March 14, 2014 Facebook Twitter LinkedIn

On Monday, March 3rd, Dr. Siu Ming Kwok, professor from the School of Social Work at King’s, appeared before the Canadian Standing Senate Committee on Human Rights to provide insight into the net growth of visible minorities in the offender population over the past five years. Based on the Office of the Correctional Investigator’s most recent annual report, the Senate is looking at what measures are being taken to work with visible minority youth to prevent or limit their interaction with the criminal justice system.

Dr. Kwok delivered his presentation to the Senate from Western University’s video conferencing. Along with other field experts from across the province, Dr. Kwok offered a critical analysis on the increase of visible minority youth offenders in the criminal justice system. Dr. Kwok’s explains that because there is no dominant theory to explain the criminal behaviours of visible minority youth, he was asked to focus on four major factors: discrimination and impoverishment, cultural self-identity crises, access to criminal opportunities, and lack of adequate support systems.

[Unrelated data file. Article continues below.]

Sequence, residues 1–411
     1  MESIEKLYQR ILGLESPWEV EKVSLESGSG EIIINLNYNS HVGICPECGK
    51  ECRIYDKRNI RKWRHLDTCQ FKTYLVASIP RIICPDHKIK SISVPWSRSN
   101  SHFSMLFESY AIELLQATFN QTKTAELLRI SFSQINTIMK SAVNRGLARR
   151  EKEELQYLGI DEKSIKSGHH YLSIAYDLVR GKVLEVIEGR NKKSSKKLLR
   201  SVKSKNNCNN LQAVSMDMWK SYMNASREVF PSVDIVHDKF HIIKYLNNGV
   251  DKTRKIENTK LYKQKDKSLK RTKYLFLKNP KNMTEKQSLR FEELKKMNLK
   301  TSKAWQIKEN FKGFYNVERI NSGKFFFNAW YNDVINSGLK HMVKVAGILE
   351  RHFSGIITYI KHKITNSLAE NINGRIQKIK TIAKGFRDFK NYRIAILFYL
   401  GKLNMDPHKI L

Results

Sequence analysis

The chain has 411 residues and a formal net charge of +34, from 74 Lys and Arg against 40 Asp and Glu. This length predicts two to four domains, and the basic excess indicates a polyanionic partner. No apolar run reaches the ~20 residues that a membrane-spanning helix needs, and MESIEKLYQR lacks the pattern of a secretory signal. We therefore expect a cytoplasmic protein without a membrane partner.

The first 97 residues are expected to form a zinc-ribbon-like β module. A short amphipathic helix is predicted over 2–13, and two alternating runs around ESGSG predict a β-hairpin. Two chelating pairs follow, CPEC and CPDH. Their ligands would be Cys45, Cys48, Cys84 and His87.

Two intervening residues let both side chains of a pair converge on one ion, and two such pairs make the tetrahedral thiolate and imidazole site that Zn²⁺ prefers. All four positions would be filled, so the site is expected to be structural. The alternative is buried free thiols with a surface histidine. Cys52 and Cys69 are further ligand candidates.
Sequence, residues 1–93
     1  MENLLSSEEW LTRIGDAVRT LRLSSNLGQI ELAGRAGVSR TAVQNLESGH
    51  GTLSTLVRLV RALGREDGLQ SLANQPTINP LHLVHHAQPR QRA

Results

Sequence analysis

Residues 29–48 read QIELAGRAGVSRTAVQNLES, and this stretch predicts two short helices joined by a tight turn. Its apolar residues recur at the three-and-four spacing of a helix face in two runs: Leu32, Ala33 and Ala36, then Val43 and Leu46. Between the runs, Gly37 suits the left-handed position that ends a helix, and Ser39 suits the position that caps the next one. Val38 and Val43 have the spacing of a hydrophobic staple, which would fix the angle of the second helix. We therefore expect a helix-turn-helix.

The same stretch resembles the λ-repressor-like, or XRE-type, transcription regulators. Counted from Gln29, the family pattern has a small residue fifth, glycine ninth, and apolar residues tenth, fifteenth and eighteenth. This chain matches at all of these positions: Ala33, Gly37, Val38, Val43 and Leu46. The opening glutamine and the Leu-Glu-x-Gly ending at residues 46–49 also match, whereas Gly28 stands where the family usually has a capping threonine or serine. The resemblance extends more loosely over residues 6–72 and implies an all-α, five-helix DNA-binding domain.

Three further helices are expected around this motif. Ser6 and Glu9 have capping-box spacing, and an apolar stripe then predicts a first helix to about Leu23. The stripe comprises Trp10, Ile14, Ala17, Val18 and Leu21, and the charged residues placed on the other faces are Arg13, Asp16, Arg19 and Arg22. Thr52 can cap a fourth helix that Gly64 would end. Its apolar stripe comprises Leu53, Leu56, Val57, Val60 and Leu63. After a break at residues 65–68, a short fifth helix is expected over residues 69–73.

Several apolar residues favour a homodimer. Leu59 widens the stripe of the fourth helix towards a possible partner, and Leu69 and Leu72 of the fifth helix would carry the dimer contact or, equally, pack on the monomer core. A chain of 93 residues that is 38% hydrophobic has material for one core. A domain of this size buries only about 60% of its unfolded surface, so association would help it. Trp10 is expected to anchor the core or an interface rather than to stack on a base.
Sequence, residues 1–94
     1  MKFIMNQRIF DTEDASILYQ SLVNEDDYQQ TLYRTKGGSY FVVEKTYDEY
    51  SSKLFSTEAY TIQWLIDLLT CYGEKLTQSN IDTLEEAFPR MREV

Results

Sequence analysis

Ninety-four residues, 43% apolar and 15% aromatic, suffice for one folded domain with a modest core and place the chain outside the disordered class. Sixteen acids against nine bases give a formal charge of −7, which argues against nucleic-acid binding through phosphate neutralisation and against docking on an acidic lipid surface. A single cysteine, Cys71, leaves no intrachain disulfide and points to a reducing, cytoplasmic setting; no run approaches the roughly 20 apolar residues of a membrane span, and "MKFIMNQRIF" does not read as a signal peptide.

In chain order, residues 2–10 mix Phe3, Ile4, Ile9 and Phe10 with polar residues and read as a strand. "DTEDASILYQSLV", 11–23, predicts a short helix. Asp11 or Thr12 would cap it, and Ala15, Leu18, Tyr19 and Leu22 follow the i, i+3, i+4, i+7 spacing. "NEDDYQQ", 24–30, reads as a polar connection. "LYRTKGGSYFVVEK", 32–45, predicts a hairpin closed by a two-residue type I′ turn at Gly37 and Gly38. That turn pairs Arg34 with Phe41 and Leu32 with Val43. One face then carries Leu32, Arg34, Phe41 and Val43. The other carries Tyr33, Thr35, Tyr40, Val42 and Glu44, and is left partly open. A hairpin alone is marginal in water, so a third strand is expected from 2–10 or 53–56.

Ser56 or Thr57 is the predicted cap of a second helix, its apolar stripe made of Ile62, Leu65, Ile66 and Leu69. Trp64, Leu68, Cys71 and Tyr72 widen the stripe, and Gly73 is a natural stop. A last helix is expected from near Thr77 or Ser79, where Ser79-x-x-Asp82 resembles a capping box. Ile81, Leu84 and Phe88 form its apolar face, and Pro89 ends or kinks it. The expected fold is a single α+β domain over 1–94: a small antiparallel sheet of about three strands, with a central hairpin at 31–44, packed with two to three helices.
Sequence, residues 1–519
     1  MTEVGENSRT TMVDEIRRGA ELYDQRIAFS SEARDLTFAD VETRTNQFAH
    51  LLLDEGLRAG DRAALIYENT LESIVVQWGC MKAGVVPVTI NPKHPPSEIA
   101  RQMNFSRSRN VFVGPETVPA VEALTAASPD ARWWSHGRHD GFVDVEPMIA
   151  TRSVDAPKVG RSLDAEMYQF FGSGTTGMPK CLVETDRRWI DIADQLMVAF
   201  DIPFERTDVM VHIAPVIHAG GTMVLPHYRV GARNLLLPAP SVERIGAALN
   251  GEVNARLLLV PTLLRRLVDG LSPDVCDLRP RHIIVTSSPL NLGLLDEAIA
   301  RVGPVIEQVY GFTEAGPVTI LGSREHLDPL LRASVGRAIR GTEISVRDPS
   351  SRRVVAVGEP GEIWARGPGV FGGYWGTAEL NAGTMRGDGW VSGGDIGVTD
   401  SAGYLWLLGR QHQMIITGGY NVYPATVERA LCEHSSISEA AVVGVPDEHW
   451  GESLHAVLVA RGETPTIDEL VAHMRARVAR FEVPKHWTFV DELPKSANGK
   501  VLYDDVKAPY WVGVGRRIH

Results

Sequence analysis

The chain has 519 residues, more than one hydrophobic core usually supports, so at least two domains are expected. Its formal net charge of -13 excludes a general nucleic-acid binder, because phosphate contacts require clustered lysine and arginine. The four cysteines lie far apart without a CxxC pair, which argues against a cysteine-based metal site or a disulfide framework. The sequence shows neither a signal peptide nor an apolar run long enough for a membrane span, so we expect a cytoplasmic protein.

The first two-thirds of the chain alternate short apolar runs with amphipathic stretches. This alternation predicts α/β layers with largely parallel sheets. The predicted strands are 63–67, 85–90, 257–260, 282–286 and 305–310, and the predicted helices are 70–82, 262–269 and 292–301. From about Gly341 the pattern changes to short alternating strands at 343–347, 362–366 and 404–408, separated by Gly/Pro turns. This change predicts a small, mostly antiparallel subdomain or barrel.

“There is an increasing diversity and complexity of prison demographics,” says Dr. Kwok. “Although Canada’s crime rate is dropping, there’s an increase in visible minorities in the system. We have to look at why this is happening; what are the causes and what can we do to improve the situation. Not only should we look into policy practice, there needs to be more diversity training to handle youth offenders in a more sensitive manner. It’s important to fund research on the matter, but we also need to understand how to implement support system programs into the communities where crime rates are high.”

A social work specialist for youth offenders in the criminal justice system, Dr. Kwok is hoping that his feedback to the Senate will instigate a change in how support systems function, focusing more on engaging the youth with their families, schools and communities.